Dr Jill Stein, the likely nominee for the progressive third party, told The Guardian that she is willing to offer the Vermont senator her slot on the ticket if he wanted to continue his “revolution”.
“I’ve invited Bernie to sit down explore collaboration – everything is on the table,” Dr Stein, a former Massachusetts physician and environmental-health advocate, said. “If he saw that you can’t have a revolutionary campaign in a counter-revolutionary party, he’d be welcomed to the Green party. He could lead the ticket and build a political movement.”
Dr Stein added that an “overwhelming” number of Sanders supporters have been flocking over to Green party events since Hillary Clinton clinched the Democratic nomination in June.
“If he continues to declare his full faith in the Democratic party, it will leave many of his supporters very disappointed,” she said. “That political movement is going to go on – it isn’t going to bury itself in the graveyard alongside Hillary Clinton.”
The Green Party was established in 1984 and has been included on every presidential ticket since 1996, when consumer advocate Ralph Nader was its candidate.
“To be effective, a Green political organization must originate from a broad base of support, from natural allies concerned with ecological politics and social justice, peace and nonviolence, local and regional self-management, and grassroots democracy,” the committee’s original mission states on the party’s website.
Many of their political platforms are consistent with Mr Sanders’, particularly when it comes to campaign finance reform, universal healthcare, relieving student debt, and supporting a living wage.
Mr Sanders has not responded to Dr Stein’s olive branch at the time of this writing.
The millions of young voters who support Mr Sanders would certainly give the Green party the boost it needs in order to be included in televised debates alongside the Republicans and Democrats. As it stands, the Green party would need at least 15 per cent in polling to do so. Dr Stein currently has 4 per cent according to the latest Reuters/Ipsos poll.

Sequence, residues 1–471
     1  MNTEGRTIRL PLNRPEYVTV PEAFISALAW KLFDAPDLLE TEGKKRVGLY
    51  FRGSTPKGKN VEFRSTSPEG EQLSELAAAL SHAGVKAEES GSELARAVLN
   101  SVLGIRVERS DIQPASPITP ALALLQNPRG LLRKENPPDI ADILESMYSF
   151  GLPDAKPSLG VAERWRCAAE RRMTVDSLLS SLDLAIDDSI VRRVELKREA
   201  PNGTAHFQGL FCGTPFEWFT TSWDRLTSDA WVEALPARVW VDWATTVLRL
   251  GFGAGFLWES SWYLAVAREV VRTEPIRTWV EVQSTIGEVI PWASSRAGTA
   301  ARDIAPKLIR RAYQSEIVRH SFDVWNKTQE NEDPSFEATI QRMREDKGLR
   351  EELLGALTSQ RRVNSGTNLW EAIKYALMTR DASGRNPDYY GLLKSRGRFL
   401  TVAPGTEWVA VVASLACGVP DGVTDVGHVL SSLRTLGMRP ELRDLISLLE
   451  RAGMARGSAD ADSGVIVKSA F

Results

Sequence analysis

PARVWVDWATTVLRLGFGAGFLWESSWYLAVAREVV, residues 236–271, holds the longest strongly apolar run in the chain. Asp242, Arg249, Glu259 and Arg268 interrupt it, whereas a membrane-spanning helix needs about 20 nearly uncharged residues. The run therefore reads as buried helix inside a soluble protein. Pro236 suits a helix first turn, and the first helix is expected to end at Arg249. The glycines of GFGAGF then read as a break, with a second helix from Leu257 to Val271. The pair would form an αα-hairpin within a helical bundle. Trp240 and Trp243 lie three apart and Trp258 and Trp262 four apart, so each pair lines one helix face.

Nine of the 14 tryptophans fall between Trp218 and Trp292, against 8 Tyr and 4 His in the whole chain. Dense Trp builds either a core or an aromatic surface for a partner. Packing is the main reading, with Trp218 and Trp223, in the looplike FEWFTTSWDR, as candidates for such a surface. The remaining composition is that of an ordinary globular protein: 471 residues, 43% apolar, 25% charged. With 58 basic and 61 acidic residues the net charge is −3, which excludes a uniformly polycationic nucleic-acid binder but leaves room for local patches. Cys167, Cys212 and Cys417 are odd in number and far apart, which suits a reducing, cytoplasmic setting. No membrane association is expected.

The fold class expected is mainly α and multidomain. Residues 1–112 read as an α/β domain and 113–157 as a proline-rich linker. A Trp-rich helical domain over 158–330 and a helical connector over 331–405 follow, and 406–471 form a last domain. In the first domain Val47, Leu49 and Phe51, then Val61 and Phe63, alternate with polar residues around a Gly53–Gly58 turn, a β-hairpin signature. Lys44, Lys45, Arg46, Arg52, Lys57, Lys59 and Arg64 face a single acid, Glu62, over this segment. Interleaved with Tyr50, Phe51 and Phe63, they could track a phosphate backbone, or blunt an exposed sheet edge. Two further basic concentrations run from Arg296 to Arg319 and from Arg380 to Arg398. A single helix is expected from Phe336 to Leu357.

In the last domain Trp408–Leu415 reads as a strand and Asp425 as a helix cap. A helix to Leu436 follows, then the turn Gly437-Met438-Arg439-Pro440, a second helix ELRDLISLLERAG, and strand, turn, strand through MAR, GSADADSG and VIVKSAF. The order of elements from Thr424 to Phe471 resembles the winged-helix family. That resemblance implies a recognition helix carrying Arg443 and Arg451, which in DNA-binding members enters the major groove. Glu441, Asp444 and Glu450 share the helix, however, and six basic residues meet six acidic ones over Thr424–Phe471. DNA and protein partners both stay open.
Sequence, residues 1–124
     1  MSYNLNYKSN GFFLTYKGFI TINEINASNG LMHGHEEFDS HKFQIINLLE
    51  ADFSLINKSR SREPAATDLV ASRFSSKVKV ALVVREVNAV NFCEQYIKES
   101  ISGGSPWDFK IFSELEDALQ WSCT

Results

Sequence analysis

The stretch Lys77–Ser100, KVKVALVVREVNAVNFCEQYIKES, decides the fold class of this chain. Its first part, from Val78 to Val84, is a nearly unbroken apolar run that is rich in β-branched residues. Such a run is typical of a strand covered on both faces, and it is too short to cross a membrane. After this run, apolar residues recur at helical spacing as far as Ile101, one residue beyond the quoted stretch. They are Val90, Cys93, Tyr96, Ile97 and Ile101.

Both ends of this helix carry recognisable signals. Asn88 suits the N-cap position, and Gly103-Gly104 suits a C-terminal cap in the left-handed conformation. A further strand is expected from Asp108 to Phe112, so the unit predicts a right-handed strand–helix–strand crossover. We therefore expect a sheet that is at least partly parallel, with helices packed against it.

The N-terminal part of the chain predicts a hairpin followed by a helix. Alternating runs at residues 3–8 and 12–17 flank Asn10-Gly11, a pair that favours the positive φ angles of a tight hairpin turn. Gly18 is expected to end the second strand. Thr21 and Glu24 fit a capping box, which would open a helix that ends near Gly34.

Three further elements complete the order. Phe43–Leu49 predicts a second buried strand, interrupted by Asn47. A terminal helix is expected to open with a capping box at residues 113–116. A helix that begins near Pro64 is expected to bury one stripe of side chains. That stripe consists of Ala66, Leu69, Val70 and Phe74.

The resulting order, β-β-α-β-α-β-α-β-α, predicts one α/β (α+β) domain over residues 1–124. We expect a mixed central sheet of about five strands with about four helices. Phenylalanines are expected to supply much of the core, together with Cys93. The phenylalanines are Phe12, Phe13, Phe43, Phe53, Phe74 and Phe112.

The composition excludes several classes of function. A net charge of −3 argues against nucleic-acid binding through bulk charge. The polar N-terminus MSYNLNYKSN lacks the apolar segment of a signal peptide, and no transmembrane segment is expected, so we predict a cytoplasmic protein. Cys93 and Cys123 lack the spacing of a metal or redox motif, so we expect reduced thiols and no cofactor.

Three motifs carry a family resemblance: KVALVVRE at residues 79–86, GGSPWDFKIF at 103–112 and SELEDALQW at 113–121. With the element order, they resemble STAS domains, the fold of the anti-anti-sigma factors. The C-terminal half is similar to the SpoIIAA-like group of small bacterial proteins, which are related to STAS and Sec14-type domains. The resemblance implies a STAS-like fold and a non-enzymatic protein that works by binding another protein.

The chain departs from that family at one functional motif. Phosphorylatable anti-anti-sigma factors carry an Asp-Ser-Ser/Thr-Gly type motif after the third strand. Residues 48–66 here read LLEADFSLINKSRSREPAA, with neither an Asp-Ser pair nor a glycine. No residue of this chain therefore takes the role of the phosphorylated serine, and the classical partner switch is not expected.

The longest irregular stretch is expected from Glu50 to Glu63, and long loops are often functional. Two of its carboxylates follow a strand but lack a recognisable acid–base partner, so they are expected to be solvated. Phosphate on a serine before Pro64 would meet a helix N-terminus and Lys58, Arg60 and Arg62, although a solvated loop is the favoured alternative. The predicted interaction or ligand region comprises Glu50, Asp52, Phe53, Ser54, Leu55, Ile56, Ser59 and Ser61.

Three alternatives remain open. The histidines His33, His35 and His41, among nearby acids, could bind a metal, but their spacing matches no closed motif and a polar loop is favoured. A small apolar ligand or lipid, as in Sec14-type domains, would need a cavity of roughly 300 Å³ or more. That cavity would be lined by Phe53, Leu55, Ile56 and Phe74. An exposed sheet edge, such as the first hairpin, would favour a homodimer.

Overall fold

But the unpredictability of the 2016 elections so far leaves Dr Stein feeling confident.
“I’m not holding my breath but I’m not ruling it out that we can bring out 43 million young people into this election,” she said. “It’s been a wild election; every rule in the playbook has been tossed out. Unfortunately, that has mainly been used to lift up hateful demagogues like Donald Trump, but it can also be done in a way that actually answers people’s needs.”
On the presumptive Democratic nominee, Dr Stein is not so sure young voters will flock to Hillary Clinton, especially if they still back Sen Sanders.
“[Clinton] is the fracking queen,” she said. “We would be fools to expect Hillary to deal with the climate crisis – the day of reckoning will come closer with her as president. As scary as Trump talks, Hillary has a scary record for warmongering and the neoliberalism.
“It’s a mistake to think the lesser of two evils will fix things. A lot of people are in the target hairs of a neoliberalist nightmare. Wars are bankrupting us morally and financially.”
Dr Stein’s website boasts that she earned a record number of votes for any female presidential candidate in the general election, at 470,000 – a record Ms Clinton is certain to break come November.
But a Clinton presidency will not be the answer to all of the problems Americans face, she believes.
“At least when Republicans are elected, people fight,” Dr Stein said. “When Democrats are elected, people are lulled into complacency and fall asleep.”
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